Horns is a darkly comic horror fable from French director Alexandre Aja based on the book written by Joe Hill. I entered the film with relatively low expectations and came out with a fat grin on my face. I assumed it would be typical YA fare with a predictable story. I could not have been more out of line. This is an engaging tale of extortion and disaffection mixed in with fantasy elements headlined by an astute performance from Daniel Radcliffe.
Harry Potter actor Daniel Radcliffe is Ig, a young (American) adult who lost the love of his life (Juno Temple) after a breakup followed by her murder. Reporters follow him around everyday parading him with guilt and allegations that he murdered her. Ig’s only solitude is drinking alone and spending time with his family and his best friend Lee (Max Minghella). Blaming God for his misfortune, Ig curses him out. Whatever faith he had before is dead in the ground.
When Ig wakes up hungover the next day, sharp horns appear to be growing out of his forehead. He discovers that the horns contain powers. Whenever he’s in the presence of others, they confess all their deepest secrets a la The Invention of Lying. The absurd part is that they promptly forget what they told Ig the instant he turns back. He also encompasses the power of persuasion. Ig decides to use this as an advantage to find the murder culprit.
It’s impressive when a movie realizes what it is and takes advantage of its ludicrous storyline. This is a genre-bending film that integrates comedy and horror in the best possible way. There’s a scene early on where Ig convinces two competing news stations to battle each other in hopes of getting an interview with him. Sometimes it’s nice to have situations go exactly the way you would expect. Horns does just that and more. I love it when a plan comes together.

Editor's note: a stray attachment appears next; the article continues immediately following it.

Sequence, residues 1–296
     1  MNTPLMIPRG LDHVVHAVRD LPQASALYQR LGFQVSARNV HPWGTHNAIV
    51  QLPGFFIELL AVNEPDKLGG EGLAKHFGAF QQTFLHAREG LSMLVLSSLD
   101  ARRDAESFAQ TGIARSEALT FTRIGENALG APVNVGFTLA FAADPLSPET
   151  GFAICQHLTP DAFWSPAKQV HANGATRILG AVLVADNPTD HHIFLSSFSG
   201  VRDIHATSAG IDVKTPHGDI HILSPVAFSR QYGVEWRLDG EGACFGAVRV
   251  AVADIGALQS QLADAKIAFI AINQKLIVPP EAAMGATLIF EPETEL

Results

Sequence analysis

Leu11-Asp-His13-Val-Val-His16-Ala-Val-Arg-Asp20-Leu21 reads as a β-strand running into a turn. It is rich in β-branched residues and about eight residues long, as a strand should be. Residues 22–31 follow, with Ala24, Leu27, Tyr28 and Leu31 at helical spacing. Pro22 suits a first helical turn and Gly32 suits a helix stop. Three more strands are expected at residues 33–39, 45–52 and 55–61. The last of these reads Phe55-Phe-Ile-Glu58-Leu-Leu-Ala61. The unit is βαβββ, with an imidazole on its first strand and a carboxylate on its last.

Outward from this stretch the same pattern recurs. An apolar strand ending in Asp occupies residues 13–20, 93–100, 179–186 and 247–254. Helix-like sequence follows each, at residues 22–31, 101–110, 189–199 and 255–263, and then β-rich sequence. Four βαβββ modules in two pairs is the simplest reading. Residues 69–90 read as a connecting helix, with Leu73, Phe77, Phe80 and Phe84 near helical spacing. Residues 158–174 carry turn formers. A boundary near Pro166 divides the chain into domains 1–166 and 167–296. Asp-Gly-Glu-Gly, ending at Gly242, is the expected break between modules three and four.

Daniel Radcliffe is a tremendously talented individual on and off screen. Horns only cements the fact that he’s able to emasculate multiple personalities distant from his Harry Potter days. It’s nice to see him branching out from that trademark and trying to make a name for himself rather than being typecast in movies that appeal to a wider audience. His character is vulgar, profane and devilish at times. Radcliffe pulls off an authentic American accent and effectively carries the film.
Horns is filled with accustomed faces that fit into the film. Heather Graham is Veronica, a waitress who has been feeding lies to the press about Ig. Her character, while briefly shown, adds a level of farce to the table. Juno Temple (The Dark Knight Rises) is Merrin, Ig’s murdered ex-girlfriend. Temple is given little since she is only seen through flashbacks, but turns in a sturdy performance. Joe Anderson and Max Minghella play Ig’s brother and best friend, respectively. Both bounce off of Radcliffe’s character whenever they’re approached by him, being obligated to tell the truth. Both manifest quality roles.
The way the story moves along is at a brisk pace that doesn’t leave any breathing room for the viewer. Each individual scene has significance thanks to Keith Bunin’s superb screenplay going hand in hand with Aja’s skillful direction. Tracking Ig’s rummage into hell is exhibited through flashback sequences interlaying with present events. Add to that a solid narration from Radcliffe and a menacing tone throughout; there’s a lot of fun to be had here.
Horns – 4 out of 5